HOME POPULAR TITLES NEW RELEASES DVD PRICE WATCH DVD BOX SETS BLU-RAY MOBILE HELP
Join us on Facebook

Western

  • Stagecoach (B/W) [DVD] Stagecoach (B/W) | DVD | (19/05/2007) from £5.29  |  Saving you £0.70 (11.70%)  |  RRP £5.99

    Considered to be one of the most influential films of all-time Hollywood legend John Wayne and director John Ford come together in this Oscar winning western which proved a tour de force for both men. At the dustbowl town of Tonto Arizona a motley group of characters board a east-bound stagecoach heading for Lordsburg New Mexico. Between them and their destination lies hostile Indian country hunting ground of Apache Chief Geronimo and his braves. The journey is further complicated as elaborate deceptions are weaved and the reason for each passenger's place upon the stagecoach becomes clear. When it comes to a star-studded action-packed classic they don't come much bigger or better than this.

  • Dances With Wolves [1991] Dances With Wolves | DVD | (23/04/2001) from £7.99  |  Saving you £12.00 (60.00%)  |  RRP £19.99

    Dances with Wolves is the film that sent director-producer-actor Kevin Costner on his hubristic way; yet it is such a resonant and powerful film that we can almost forgive him for inflicting upon us his later "epic" The Postman. Here Costner plays a Union solder stationed at the far edges of the West, and left there to rot at his post. He finally sees the wisdom of the Lakota Sioux and finds peace within their community. But his decision to "go native" is greatly frowned upon by his military commanders, and the subsequent culture clash forms the backbone of the narrative. The story is told simply, and wastes not one word of dialogue, while the South Dakota locations provide a magnificent backdrop. Costner is sympathetic and accessible as an American Everyman who awakens to himself and the world around him... --Rochelle O'Gorman, Amazon.com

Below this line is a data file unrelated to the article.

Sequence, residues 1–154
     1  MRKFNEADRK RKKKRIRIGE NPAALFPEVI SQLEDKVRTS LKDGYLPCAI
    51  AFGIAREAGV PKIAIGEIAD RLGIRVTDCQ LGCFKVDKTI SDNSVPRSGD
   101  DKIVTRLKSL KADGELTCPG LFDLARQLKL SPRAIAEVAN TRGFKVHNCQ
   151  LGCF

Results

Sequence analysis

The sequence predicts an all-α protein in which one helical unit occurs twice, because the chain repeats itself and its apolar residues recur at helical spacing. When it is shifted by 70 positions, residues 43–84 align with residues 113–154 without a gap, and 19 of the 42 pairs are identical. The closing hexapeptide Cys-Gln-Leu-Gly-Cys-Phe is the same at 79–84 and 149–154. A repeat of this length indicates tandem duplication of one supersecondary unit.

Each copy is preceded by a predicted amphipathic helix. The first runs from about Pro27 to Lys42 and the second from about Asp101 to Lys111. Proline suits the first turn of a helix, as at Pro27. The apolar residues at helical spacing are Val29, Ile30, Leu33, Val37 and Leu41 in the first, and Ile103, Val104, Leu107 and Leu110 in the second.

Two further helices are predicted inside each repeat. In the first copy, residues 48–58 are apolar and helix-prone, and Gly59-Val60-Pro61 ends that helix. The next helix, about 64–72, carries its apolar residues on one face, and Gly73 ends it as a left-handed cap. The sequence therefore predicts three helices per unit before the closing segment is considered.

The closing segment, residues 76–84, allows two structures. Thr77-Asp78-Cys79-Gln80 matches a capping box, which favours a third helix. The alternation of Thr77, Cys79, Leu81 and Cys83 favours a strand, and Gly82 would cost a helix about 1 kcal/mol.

• The Big Country [1958] The Big Country | DVD | (11/06/2001) from £4.99  |  Saving you £8.00 (61.60%)  |  RRP £12.99

    William Wyler directed this epic Western, about the clash of East and West, intellect and action. Gregory Peck stars as a sea captain who moves way out West to marry Carroll Baker and become part of the ranch owned by her father (Charles Bickford). But he discovers that daddy's top hand (Charlton Heston) carries a torch for Baker and doesn't particularly like Peck stepping into his place. Peck also finds himself caught in the midst of a power struggle between Bickford and his surly neighbour, Burl Ives (and his reprehensibly bullying son, Chuck Connors). The Big Country is a long, sprawling tale that works because its characters are played by movie stars who know how to command the big screen in a big story. --Marshall Fine